March - April 2003
Vol. 14, No. 2 | Contents

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FROM THE EDITOR: Smile for the Birdy
by Linda Mojer

I draw the line at taking photographs. Iím just not particularly good at it, so ó even though Iíll snap one for a tourist every now and then ó itís only because I donít expect to get called on it when their foreheads are missing later on. Photography is one of those things that falls under my bumper sticker guideline, of ďIf at first you donít succeed, quickly deny that you were ever trying ...Ē Iíve learned not to try anymore. 

Just the same, I do know what I like, and I can line up a group shot like a drill sergeant (so that whoever does take the picture gets all the faces). I know what I want when it comes time to match images with words, and when photos come in, Iím as picky as I can be with what we have to work with. 

So now that practically everyone (except me) has a digital camera, hereís what Iíve learned (ďif at first you donít succeed ...Ē). Itís convenient. Itís simple! Over the past 18 months or so, the percentage of digital images submitted to, and used in, RACQUETBALL has risen to about half. This is good in pre-press, since scanning time goes way down. This is bad in production, since selection time goes way up (I can speed-flip through a hundred prints in about a minute; it takes me over an hour to pull up the same number of images from a CD). Then thereís the ease and immediacy of being to accept emailed images on deadline. But sometimes resolution is high and the print quality is dependable; sometimes what looks good on screen doesnít ďhold upĒ on paper. Most of the time, I canít know until itís too late ...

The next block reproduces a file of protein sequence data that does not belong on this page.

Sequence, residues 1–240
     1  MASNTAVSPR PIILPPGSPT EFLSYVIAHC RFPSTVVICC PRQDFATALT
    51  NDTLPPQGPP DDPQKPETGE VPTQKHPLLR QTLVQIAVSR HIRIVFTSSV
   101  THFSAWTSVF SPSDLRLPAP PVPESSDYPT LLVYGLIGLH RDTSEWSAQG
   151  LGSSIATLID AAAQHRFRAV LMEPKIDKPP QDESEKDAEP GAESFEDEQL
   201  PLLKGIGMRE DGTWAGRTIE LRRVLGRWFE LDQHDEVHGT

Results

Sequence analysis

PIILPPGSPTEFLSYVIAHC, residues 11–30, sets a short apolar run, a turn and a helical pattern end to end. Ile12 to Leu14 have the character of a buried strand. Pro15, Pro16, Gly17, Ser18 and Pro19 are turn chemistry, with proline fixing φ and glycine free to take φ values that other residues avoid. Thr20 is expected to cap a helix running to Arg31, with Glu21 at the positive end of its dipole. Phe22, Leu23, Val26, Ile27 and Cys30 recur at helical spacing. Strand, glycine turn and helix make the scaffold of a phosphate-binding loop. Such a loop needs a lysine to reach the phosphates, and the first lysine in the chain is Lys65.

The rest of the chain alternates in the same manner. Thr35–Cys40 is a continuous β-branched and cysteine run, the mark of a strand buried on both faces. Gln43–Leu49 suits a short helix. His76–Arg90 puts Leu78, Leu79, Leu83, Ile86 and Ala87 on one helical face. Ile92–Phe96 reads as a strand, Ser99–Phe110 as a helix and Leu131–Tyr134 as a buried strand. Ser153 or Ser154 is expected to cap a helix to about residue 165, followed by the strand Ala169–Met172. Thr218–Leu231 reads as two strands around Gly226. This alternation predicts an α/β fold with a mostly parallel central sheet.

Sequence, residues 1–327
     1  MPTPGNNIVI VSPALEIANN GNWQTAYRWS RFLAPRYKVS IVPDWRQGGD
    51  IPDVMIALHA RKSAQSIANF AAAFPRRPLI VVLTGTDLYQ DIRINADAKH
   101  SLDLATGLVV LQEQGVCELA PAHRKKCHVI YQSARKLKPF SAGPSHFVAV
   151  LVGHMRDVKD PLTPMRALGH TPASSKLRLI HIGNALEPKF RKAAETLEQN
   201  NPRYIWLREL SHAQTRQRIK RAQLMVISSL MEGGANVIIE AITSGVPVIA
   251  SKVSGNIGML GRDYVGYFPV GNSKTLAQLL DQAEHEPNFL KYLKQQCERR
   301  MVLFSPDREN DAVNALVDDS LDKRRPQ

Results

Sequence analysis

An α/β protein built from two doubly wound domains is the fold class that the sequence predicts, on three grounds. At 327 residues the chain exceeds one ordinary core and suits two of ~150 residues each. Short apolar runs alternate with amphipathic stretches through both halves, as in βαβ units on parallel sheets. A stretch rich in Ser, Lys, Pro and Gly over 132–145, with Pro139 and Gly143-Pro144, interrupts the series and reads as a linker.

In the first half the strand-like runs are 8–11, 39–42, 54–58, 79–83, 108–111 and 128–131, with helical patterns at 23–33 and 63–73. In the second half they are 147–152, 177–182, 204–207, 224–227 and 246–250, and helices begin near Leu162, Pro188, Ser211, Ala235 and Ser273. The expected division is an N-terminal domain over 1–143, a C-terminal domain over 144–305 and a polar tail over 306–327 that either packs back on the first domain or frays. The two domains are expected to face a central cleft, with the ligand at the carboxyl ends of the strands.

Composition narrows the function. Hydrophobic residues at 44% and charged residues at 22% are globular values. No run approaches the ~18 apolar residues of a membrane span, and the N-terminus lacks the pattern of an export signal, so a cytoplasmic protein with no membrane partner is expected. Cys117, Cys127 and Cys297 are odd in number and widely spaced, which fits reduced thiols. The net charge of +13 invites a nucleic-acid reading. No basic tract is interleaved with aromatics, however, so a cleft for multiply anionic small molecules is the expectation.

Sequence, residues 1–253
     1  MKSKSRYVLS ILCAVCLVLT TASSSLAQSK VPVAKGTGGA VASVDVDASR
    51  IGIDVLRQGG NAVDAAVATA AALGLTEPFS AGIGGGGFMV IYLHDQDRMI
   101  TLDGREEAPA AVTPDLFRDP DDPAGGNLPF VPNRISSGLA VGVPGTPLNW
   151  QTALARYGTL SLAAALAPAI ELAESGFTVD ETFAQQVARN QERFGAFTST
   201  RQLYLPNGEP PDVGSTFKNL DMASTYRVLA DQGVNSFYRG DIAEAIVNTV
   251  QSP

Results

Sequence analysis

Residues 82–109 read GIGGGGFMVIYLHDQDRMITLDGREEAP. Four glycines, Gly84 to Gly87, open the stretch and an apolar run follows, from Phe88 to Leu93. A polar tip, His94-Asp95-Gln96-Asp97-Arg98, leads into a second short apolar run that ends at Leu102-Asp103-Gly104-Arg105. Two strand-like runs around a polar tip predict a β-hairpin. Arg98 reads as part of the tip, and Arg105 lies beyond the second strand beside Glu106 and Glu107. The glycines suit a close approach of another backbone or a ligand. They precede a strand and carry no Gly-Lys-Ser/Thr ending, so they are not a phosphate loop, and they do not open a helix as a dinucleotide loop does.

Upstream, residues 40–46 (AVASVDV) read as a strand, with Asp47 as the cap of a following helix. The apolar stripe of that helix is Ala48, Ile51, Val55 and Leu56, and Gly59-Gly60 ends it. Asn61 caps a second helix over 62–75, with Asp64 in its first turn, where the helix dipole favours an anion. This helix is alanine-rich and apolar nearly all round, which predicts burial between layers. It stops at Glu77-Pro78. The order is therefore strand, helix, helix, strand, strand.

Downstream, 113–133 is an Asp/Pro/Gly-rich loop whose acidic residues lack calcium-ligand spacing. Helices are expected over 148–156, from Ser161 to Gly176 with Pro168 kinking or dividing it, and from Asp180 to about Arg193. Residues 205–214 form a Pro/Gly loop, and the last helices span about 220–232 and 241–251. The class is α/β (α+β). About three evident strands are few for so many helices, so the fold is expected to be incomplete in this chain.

To my mind, there are two issues: time and quality (volume doesnít seem to be a problem). If youíre a digital shutterbug, hereís how you can address them, plus go one step further and ó in so doing ó greatly increase my fondness for you, and your photos. 

Please do a preliminary ďeditĒ of your album. On average, a feature story may carry up to 3-4 photos per finished page. If you are sending photos from a major event, take a hard look at what you have, and send in no more than ten (10) of your very best images. If you are sending in a 200-word story about a local event, give us your clearest, most-compelling 3-4 shots to choose from. Make sure that youíve captioned everything with the names of everyone pictured, and donít forget the photographer. And your stock will rise dramatically if you rename your shots from the ďDSC0002389Ē filenames assigned by your camera, to a more relevant clue about the photo subject (mysonontheawardpodium1.jpg, for instance).

Finally, refer to the online guidelines for submitting photographs at > ďguidelinesĒ. Iíll be doing some research to learn a bit more about the subject myself (without actually shooting any digital photos myself, mind you) so that, by the time you read this, there will be some expanded technical tips for digital imaging to help you get your stories and photos published. Good luck! 

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